Cygnus NG-12

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Cygnus NG-12
S.S. Alan Bean at the Space Station.jpg
S.S. Alan Bean at the ISS
Mission typeISS resupply
COSPAR ID2019-071A
SATCAT no.44701
Mission duration8 days, 19 hours, 40 minutes (in progress)
Spacecraft properties
SpacecraftS.S. Alan Bean
Spacecraft typeEnhanced Cygnus
ManufacturerNorthrop Grumman
Thales Alenia Space
Start of mission
Launch date2 November 2019, 13:59:47 (2019-11-02UTC13:59:47) UTC[1]
RocketAntares 230+
Launch siteMARS LP-0A
ContractorNorthrop Grumman
Orbital parameters
Reference systemGeocentric
RegimeLow Earth
Inclination51.6 degrees
Berthing at ISS
Berthing portUnity nadir
RMS capture4 November 2019, 09:10 UTC[2]
Berthing date4 November 2019, 11:21 UTC[3]
Unberthing date13 January 2020 (planned)
RMS release13 January 2020 (planned)
Time berthed6 days, 22 hours, 19 minutes (in progress)
Mass3,705 kg (8,168 lb)[4]
Pressurised3,586 kg (7,905 lb)[4]
Unpressurised119 kg (262 lb)[4]
Cygnus NG-12 Patch.png  

Cygnus NG-12, previously known as CRS OA-12, is the thirteenth flight of the Northrop Grumman robotic resupply spacecraft Cygnus and its twelfth flight to the International Space Station under the Commercial Resupply Services 2 contract with NASA.[5][6] The mission launched on 2 November 2019 at 9:59 AM (13:59 UTC).[1] This is the first launch of Cygnus under the CRS2 contract.[7]

Orbital ATK and NASA jointly developed a new space transportation system to provide commercial cargo resupply services to the International Space Station (ISS). Under the Commercial Orbital Transportation System (COTS) program, then Orbital Sciences designed and built Antares, a medium-class launch vehicle; Cygnus, an advanced maneuvering spacecraft, and a Pressurized Cargo Module which is provided by Orbital's industrial partner Thales Alenia Space.[8] Northrop Grumman purchased Orbital in June 2018; its ATK division was renamed Northrop Grumman Innovation Systems.[9]


Northrop Grumman launches the Cygnus NG-12 mission.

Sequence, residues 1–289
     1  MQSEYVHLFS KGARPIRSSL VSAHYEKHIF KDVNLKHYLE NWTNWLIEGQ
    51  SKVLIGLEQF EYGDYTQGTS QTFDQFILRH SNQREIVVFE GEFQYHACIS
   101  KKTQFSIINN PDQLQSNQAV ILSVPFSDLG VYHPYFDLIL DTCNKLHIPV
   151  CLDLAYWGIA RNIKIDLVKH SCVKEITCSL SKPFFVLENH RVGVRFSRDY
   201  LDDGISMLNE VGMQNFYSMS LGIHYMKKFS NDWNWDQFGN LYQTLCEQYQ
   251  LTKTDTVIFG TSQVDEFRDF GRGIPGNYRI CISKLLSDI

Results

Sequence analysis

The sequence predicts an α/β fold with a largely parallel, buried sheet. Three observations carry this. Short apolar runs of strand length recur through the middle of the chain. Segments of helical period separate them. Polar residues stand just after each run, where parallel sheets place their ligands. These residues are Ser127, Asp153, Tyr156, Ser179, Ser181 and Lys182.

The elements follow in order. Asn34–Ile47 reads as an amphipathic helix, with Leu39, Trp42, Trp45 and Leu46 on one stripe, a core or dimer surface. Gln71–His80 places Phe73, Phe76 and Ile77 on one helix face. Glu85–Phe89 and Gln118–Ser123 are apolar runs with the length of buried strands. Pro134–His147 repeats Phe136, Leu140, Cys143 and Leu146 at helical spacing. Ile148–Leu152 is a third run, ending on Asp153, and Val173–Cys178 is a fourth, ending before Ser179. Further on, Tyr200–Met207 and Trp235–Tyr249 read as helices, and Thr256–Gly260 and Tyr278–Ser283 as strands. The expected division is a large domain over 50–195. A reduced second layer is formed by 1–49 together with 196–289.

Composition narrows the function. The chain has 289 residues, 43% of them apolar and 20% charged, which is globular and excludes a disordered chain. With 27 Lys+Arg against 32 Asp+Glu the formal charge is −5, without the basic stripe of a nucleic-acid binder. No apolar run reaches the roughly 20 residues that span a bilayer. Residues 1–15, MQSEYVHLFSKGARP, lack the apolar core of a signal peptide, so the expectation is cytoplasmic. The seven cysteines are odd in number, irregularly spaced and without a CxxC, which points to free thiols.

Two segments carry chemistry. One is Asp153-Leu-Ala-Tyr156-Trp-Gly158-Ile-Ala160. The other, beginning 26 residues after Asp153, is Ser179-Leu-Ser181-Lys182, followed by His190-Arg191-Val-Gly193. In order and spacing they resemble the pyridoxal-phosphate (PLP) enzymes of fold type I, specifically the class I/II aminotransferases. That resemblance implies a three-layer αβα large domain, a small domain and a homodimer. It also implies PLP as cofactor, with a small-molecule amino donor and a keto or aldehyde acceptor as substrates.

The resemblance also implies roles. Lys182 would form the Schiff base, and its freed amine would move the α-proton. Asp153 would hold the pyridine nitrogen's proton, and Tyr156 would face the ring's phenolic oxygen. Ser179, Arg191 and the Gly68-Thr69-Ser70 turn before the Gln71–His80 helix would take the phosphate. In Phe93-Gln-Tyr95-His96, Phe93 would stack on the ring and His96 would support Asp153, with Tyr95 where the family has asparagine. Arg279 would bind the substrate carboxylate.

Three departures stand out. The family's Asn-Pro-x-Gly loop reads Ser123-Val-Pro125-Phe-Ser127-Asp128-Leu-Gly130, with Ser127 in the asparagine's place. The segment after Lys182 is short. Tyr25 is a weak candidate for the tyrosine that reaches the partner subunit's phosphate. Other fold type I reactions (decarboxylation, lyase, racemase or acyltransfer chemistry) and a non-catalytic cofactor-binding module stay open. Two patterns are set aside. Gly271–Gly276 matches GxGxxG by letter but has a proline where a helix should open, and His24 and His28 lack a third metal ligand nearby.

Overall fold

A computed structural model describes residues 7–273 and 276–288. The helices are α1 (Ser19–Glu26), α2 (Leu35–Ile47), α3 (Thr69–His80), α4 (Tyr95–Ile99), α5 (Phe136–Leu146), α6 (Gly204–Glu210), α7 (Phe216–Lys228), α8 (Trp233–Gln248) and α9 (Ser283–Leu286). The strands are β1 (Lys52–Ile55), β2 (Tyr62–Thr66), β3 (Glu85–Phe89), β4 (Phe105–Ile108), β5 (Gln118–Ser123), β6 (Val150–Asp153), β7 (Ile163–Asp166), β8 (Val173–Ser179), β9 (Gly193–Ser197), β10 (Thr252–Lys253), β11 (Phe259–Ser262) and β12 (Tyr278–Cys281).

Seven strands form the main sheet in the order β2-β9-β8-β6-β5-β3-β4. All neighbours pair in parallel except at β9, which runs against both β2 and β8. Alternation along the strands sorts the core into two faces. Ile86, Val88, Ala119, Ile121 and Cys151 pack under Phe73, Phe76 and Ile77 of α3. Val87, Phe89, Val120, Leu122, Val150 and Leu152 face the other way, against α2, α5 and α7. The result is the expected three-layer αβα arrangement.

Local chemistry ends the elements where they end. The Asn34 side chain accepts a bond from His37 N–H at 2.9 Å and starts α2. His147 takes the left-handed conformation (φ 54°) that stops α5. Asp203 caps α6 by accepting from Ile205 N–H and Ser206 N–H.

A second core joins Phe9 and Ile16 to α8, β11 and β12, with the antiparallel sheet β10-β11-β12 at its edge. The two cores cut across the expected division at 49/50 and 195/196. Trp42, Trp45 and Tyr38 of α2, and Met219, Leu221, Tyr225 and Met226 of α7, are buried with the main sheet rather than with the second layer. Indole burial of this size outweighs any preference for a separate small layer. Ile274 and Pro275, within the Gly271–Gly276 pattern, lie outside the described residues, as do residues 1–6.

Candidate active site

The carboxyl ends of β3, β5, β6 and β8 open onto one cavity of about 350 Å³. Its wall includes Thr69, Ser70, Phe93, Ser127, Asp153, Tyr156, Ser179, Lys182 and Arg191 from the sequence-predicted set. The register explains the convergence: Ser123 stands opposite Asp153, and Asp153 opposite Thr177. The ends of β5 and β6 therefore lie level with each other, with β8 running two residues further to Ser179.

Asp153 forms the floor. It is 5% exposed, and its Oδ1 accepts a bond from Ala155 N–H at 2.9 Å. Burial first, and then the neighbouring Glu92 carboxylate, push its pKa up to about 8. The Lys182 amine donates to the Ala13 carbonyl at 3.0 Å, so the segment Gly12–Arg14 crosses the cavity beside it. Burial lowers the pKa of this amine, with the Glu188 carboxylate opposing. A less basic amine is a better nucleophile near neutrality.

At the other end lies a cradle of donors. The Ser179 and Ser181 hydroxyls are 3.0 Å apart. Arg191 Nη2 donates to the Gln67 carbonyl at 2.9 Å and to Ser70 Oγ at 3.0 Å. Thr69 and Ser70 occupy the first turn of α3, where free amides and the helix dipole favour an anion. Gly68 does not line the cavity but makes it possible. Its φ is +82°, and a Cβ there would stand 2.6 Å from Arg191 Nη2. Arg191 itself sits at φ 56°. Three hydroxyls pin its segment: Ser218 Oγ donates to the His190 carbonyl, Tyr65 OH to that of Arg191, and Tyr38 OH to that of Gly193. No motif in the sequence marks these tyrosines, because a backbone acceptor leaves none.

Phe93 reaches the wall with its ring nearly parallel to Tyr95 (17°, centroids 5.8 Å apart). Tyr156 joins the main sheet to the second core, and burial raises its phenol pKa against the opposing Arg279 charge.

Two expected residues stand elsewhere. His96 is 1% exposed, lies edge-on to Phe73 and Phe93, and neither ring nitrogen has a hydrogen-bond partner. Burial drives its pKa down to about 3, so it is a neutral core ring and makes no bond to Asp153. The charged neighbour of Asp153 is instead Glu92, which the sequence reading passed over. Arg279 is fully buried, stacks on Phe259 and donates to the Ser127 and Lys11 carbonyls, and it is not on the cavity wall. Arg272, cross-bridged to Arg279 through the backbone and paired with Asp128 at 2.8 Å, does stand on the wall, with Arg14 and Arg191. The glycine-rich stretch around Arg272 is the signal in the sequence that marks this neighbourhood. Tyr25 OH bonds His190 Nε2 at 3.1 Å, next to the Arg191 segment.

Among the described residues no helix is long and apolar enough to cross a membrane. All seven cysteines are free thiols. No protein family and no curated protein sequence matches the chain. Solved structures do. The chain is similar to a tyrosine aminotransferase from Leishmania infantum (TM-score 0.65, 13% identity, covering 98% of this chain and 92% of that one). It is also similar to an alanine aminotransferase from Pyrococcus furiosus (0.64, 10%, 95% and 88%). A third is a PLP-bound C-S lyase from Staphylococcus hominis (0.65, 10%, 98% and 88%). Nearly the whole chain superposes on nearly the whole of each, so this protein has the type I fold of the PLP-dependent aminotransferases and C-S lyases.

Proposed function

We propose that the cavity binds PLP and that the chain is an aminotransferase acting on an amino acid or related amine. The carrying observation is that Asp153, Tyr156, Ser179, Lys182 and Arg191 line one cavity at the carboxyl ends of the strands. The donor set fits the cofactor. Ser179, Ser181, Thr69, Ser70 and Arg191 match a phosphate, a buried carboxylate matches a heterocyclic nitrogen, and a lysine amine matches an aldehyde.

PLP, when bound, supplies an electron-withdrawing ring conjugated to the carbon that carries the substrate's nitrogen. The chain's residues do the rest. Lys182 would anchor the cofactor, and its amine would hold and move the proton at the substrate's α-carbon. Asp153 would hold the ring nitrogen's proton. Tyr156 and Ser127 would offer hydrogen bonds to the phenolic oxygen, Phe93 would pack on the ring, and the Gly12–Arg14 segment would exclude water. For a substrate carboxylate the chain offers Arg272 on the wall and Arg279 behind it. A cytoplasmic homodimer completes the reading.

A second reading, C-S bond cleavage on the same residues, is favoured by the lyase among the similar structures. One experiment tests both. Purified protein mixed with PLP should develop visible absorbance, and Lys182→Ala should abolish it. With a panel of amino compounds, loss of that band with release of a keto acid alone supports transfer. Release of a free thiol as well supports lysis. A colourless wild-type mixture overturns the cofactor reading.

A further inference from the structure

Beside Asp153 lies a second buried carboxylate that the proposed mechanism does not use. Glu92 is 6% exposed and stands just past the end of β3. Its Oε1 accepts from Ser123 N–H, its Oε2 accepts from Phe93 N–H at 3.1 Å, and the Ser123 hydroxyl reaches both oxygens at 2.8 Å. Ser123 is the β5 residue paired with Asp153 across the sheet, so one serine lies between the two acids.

Cygnus NG-12 is the first mission under the Commercial Resupply Services 2 contract and launched 2 November 2019 at 13:59:47 UTC.[1]


Production and integration of Cygnus spacecraft is performed in Dulles, Virginia. The Cygnus service module is mated with the pressurized cargo module at the launch site, and mission operations are conducted from control centers in Dulles and Houston.[8] This is the eighth flight of the Enhanced-sized Cygnus PCM.[10]


Total weight of cargo: 3,705 kg (8,168 lb), consisting of 3,586 kg (7,905 lb) in pressurized cargo and 119 kg (262 lb) in unpressurized cargo.[4]

  • Crew supplies: 680 kg (1,499 lb)
  • Science investigations: 1,983 kg (4,372 lb)
  • Spacewalk equipment: 104 kg (229 lb)
  • Vehicle hardware: 756 kg (1,667 lb)
  • Computer resources: 17 kg (37 lb)
  • Russian hardware: 11 kg (24 lb)
  • Northrop Grumman-related equipment: 35 kg (77 lb)

Among the cargo delivered was a special made oven for use in space, and some cookie dough. The crew of ISS will attempt to use the device to bake chocolate chip cookies in space (a first time for this kind of space activity). The baking of cookies in space attracted some international media attention when the mission was arriving at the space station.[2][11][12]


  1. ^ a b c Gebhardt, Chris (4 November 2019). "Cygnus NG-12 arrives at ISS with increased science capability". Retrieved 5 November 2019.
  2. ^ a b Clark, Stephen (4 November 2019). "Space station receives spacewalking gear, new baking oven". Spaceflight Now. Retrieved 5 November 2019.
  3. ^ Garcia, Mark (4 November 2019). "Cygnus Resupply Ship Attached to Unity for Cargo Operations". NASA. Retrieved 4 November 2019.
  4. ^ a b c d "Northrop Grumman CRS-12 Mission Overview" (PDF). NASA. Retrieved 5 November 2019.
  5. ^ "Worldwide launch schedule". Retrieved 12 February 2015.
  6. ^ "International Space Station Flight Schedule". Students for the Exploration and Development of Space. 15 May 2013.
  7. ^ Gebhardt, Chris (1 June 2018). "Orbital ATK looks ahead to CRS2 Cygnus flights, Antares on the commercial market". Retrieved 2 June 2018.
  8. ^ a b "Cygnus Fact Sheet" (PDF). Orbital ATK. 24 March 2015. Archived from the original (PDF) on 26 September 2015. Retrieved 14 August 2015.
  9. ^ Erwin, Sandra (5 June 2018). "Acquisition of Orbital ATK approved, company renamed Northrop Grumman Innovation Systems". SpaceNews. Retrieved 23 July 2018.
  10. ^ Leone, Dan (17 August 2015). "NASA Orders Two More ISS Cargo Missions From Orbital ATK". Retrieved 17 August 2015.
  11. ^ "Cookies in space: Oven sent to ISS for baking experiments". BBC News. 2 November 2019. Retrieved 5 November 2019.
  12. ^ Waldrop, Theresa (3 November 2019). "Out of this world dessert: Cookie dough and oven headed to space station". CNN News. Retrieved 5 November 2019.